About the SFMGA

Monday, June 01, 2009

Gray Watering – & – Make Your Own Rain Barrel

By Melanie Deason, Master Gardener

Water your trees with collected water (especially those fruit trees that need extra water in warmer weather to help produce a nice crop of fruit). Move the garden hose around to a new tree every time you have bath water, and you'll save lots on your water bill.

Bathtub Water

Some folks save bathtub water (use biodegradable soaps shampoos and pump it out a window, using a little electric fountain pump attached to a smaller hose/brass adapter) that fits a regular garden hose.

  • Whether you are upstairs or on the ground floor, that little pump can move the water out of the tub and to the ground – into an old trash can with water spigot at the bottom, or straight to the tree.
  • Just stay nearby and listen to the pump because as the water lowers to the last inch, the pump will start to "slurp."
  • Turn off the pump by pulling the plug from the GFCI wall receptacle, WITH DRY HANDS, PLEASE, and not the pump cord, so as not to risk shock.
  • Also be sure the pump cord is NOT anyplace wet – like sitting on the wet bath towel.
  • By following these guidelines, you'll likely save lots of water on your water bill, and your trees will appreciate it.

Barrels for Water Catchment, with Spigot and Garden Hose Attached

You can buy one ready made for $80, or you can adapt an inexpensive plastic trash barrel with another $10 in parts.

  • Buy: ONE brass water faucet spigot (male with threads) that is straight and not curved down, and ONE short piece (3-4 inches) of white PVC (female/outside) that the spigot will screw into. Add TWO rubber washers (round, not garden hose flat) that fit snugly around the threads of the spigot.
  • Use a wood bit (has a center point plus two cutting side points) that is the exact diameter/size of the threaded part of the spigot to drill the hole. This type of bit will easily drill through the plastic barrel – on the SIDE of the barrel, about three inches from the bottom, but NOT TOO LOW, or you won't be able to hook the garden hose up to the faucet. (Of course, DO NOT DRILL THE BARREL BOTTOM.)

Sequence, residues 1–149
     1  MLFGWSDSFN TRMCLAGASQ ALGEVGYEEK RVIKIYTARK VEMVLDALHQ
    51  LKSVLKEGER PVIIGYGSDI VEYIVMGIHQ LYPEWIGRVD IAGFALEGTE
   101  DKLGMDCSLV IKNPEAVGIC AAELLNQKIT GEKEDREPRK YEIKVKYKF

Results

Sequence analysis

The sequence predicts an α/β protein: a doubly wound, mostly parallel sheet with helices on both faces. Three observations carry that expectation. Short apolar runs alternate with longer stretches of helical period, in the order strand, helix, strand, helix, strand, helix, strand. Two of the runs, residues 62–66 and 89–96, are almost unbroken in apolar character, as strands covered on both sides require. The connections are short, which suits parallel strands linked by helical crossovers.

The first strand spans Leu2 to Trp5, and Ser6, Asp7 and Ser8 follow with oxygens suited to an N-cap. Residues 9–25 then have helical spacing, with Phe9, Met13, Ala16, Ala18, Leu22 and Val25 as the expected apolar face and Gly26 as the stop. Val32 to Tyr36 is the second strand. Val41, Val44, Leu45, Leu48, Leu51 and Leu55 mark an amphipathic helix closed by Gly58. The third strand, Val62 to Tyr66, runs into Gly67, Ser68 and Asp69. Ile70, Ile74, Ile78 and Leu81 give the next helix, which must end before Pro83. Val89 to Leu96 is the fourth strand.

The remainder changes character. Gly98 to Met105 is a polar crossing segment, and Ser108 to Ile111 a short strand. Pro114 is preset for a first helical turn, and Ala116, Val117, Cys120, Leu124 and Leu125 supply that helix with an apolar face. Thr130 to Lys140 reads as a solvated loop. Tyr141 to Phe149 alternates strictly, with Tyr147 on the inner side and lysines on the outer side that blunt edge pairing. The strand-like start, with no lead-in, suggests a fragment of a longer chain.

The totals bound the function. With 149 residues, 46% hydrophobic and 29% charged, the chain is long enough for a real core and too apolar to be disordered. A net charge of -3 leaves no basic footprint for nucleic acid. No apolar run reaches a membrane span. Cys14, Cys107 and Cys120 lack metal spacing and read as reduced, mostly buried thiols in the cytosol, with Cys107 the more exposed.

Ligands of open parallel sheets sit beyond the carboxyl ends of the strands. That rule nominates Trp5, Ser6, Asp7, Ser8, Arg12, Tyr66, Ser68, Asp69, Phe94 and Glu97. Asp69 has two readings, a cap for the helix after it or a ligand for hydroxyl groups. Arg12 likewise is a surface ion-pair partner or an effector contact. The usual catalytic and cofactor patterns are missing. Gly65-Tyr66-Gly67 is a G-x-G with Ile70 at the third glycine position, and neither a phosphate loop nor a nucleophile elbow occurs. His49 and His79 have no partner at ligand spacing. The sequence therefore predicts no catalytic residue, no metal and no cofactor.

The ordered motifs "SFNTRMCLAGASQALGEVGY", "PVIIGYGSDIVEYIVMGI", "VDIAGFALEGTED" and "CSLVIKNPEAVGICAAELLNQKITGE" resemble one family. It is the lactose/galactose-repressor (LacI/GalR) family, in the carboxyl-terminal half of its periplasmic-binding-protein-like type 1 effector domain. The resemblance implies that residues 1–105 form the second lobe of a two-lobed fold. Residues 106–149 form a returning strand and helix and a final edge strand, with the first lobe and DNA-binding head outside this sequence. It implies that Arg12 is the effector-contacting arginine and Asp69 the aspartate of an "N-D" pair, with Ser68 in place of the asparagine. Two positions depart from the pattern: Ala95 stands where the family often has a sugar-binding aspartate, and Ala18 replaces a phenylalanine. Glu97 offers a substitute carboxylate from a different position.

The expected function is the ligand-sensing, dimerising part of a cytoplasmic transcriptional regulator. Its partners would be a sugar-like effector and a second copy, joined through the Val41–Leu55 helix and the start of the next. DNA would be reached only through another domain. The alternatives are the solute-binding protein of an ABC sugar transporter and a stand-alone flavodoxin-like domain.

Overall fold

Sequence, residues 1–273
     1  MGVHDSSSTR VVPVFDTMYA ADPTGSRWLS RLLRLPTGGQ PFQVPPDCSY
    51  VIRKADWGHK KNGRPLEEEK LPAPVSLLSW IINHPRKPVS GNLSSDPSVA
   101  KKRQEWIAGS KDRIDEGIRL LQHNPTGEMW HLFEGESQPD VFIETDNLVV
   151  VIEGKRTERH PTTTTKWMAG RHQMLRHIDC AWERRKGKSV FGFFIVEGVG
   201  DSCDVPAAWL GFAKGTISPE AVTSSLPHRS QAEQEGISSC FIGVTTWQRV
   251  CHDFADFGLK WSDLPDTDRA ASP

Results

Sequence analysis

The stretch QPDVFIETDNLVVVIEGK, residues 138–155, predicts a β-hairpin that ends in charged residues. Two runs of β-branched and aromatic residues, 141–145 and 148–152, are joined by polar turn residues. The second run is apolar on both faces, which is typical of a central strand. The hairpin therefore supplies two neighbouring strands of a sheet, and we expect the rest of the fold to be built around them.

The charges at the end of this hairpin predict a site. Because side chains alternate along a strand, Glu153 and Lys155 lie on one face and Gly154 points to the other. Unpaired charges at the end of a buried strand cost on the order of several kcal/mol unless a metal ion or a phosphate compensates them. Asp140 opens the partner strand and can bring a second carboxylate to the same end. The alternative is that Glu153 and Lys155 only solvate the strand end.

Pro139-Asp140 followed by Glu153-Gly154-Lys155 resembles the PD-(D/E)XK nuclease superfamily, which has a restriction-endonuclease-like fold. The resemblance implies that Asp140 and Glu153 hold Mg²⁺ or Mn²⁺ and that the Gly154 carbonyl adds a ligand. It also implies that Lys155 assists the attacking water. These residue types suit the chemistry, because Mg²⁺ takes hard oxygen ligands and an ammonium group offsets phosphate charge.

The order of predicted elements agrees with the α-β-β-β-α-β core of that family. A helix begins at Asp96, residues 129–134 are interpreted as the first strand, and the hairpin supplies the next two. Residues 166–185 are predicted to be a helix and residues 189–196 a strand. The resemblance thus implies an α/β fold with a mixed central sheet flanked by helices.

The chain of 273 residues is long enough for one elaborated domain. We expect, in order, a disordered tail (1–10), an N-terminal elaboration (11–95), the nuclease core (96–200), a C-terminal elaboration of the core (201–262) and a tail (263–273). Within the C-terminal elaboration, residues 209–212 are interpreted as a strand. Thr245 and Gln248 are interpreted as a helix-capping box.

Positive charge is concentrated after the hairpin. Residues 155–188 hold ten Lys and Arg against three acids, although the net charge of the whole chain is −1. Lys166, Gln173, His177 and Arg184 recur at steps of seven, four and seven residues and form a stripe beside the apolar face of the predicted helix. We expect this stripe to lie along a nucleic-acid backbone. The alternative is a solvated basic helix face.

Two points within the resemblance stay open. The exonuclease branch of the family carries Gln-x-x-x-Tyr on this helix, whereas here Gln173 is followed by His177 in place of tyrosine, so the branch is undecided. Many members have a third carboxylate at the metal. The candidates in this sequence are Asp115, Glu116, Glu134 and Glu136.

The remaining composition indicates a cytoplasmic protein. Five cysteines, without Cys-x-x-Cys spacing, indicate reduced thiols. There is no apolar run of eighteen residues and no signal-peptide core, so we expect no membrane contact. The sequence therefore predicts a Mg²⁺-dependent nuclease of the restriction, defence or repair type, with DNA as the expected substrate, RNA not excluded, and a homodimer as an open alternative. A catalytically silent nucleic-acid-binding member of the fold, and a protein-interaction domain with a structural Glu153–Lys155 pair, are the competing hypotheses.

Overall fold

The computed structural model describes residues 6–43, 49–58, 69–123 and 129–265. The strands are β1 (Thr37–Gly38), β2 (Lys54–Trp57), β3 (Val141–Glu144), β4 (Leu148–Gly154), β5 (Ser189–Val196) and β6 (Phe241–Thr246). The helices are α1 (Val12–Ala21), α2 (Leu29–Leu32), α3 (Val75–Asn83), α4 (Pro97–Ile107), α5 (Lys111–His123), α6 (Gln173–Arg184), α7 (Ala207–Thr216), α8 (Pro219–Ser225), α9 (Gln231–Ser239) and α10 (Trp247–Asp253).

• Each washer will be the 'bread' that sandwiches into EITHER SIDE of the barrel. To assemble, place one washer onto the spigot. Insert spigot into opening from outside the barrel. Attach second washer onto spigot inside the barrel. Attach PVC section. Tighten by hand and wrench lightly so to not stress the plastic barrel. Compression flattens the two washers and ensures the barrel does not leak.
  • Be sure the angle of the faucet is slightly horizontal, not pointing downward so the hose can be hooked up. (Test this hose hookup BEFORE filling the barrel with water.)
  • It's a little time consuming to convert trash barrels to water barrels, but if you're doing a few for catching water at your roof canales (or down spouts from the roof), then it's worth the effort.
  • Caution about Birds and Pets: Save the lid from these barrels and invert them; the curved part is down. Drill 3-4 holes around the side of the lid and 3-4 more on the top edge of the barrel. Fasten lid to barrel with wire. This way the lid is securely attached to the barrel and no wildlife or pets fall in to drown. ALSO, drill a half dozen or more large holes in the lid, so that water falling as rain or canale runoff can easily drain into the barrel.
  • At the end of the warm season, unhook the garden hoses and open the spigot, so any water trapped inside can drain out. If it catches canale runoff and freezes later, the barrel usually handles the stress.